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Swimming Goggles

Swimming Goggles


How you see the water through your goggles depends on the colour of the lens you choose and the environment you are swimming in. For example, if you are swimming outdoors in a sunny environment you would select goggles that have a Mirrored or Dark colour lens to reduce brightness and glare.

Light Coloured
Brighter vision that are best for indoor swimming or overcast days.

Mirrored or Dark Coloured 
Best suited to outdoor swimming, reduces brightness and glare.

Same absorption properties as human eyes and do not tire the eye.

Distances can be seen sharply, contrast enhanced, absorbs light from the blue and purple short wave lengths group.

Super contrasting lens colour that provides a great filter against blue light. Also provides great depth perception and shadow definition, making this lens ideal for indoor use or overcast conditions.

All colour wavelengths are absorbed equally. This allows for colour tones to be seen naturally making the smoke lens ideal for outdoor use.

Protects against glare. This is due to the lens group having a high transmission of light due to its absorption of yellow,

Designed for low light and overcast conditions where maximum visibility is necessary. Provides accurate vision without filtering out colour.

Goggle Lens Colours


Dual/Double Head Strap
Allows goggles to wrap around swimmers heads securely for perfect fit.

Single Head Strap
Allows goggles to be applied quickly and easily.

Split Head Strap
Allows goggles to be placed in different places on back of head to ensure a secure and perfect fit.


PC: Polycarbonate
A high performance plastic, with an outstanding resistance to impact which can be produced as a transparent material making it perfect for goggle lenses.

CP: Cellulose Proprionate
A material that is tough and available in a variety of translucent colours and can be curved easily when hot. Have great properties for goggle lenses

TPR: ThermoPlastic Rubber
A synthetic alternative to rubber, TPR contains no natural rubber (latex). Used in a large range of goggles.

TPE: ThermoPlastic Elastomer
Similar to TPR in a lot of ways, TPE can be suited to bonding plastic together depending on its chemical construction.

TPU: ThermoPlastic Polyurethane and PU : Polyurethane
A flexible, elastic material that has a good wear resistance. A universal material used in a lot of products including swimwear products.

PE: Polyethylane
Available in high density (HDPE) and low density (LDPE). Both versions show great chemical resistance to water absorption. HDPE can be processed to be flexible, LDPE is more rigid and has a lower level of water absorption in comparison to HDPE.

PVC: Poly Vinyl Carbonate
One of the first available plastics globally, still used in everyday products. Comes in rigid or flexible material and is available in a range of colours.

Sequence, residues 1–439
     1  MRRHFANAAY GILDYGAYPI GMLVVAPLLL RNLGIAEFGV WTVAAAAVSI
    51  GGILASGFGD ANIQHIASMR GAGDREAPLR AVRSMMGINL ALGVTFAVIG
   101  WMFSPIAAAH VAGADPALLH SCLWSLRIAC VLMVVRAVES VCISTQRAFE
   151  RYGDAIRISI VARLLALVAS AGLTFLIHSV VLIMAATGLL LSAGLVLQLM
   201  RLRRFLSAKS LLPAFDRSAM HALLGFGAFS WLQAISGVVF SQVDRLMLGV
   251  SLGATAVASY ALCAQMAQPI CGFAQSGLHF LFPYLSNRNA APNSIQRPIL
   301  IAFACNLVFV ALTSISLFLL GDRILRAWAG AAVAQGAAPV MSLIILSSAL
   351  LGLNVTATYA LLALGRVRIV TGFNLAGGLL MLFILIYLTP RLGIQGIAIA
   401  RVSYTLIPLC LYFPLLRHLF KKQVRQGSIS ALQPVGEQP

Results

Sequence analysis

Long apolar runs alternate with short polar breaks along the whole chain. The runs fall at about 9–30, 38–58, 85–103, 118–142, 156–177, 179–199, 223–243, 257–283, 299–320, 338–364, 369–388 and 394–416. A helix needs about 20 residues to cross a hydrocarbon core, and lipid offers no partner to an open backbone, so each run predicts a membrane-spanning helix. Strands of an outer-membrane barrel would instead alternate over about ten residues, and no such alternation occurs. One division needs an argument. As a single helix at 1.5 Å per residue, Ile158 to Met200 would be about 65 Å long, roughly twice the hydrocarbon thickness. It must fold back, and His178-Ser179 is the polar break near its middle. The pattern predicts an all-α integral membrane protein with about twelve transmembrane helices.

PP: Polypropylene
Tough and flexible, the chemical properties in this plastic mean that it can be engineered to bond with a number of other plastic types.

PS: Polystyrene
Available in various forms including general purpose (GPPS) and expanded (EPS). GPPS is most commonly used in compact disc cases and can be low cost, rigid and brittle. EPS is created by adding air into the polystyrene.

EVA: Ethylene Vinyl Acetate
Sharing many of its properties with rubber, EVA is often used in shoe soles due to its flexibility and high friction coefficient.

ABS: Acylonitrile-Butadiene-Sytrene
Good for products that need a high gloss finish. A high quality plastic which is tough and rigid.

Compression Moulded Silicone
Used as the base material for many goggle seals and straps. This variant of silicone is a solid block of material in its base form. It is then processed using pressure and heat to give an end product which is soft, flexible and has good elasticity. Silicone is used widely as it is a good material for people with sensitive skin.

Liquid Silicone
The best material for cutting edge goggles, Liquid Silicone is high grade, has a super soft feeling against the skin, and is hypo allergenic, meaning the chances of irritation are minimal. It offers superior comfort, is tear resistant and moulds to your face. Liquid silicone also has a flex fatigue resistance 8-20 times stronger than conventional products and is extremely resistant against wind, rain and UV rays.


Misting or fogging on the lens of a swimming goggle is caused by the difference in temperature between the cold of the water and the warm skin of the swimmer. This temperature difference causes a thin film of water vapour to build up on the inside surface of the lens which in turn restricts visibility.

To stop this occurring, manufacturers apply either a formula solution or polymer (chemical compound) to the inner surface of the goggle lens. The formula's used aim to either repel the water vapour or use the condensation to create a thin layer of uniform water over the lens.


Ultraviolet rays, commonly known as UV rays, are widely recognised as the most harmful of the sun's rays.

To prevent damage from the sun, many companies now offer protection against harmful UV rays in goggle ranges. If you are looking for a pair that have UV protection, be sure to check the features and specifications of each pair you are interested in to ensure you are protected.


A measurement of how much of the light which hits the lens is allowed to pass through it and in to the eye. Generally, the darker the lens the lower the level of light transmission. As an example, on a bright day it would be advisable to wear goggles that have a smoke coloured lens to reduce brightness. On an overcast day or when swimming indoors choose a yellow or amber lens colour to let a little more light in.

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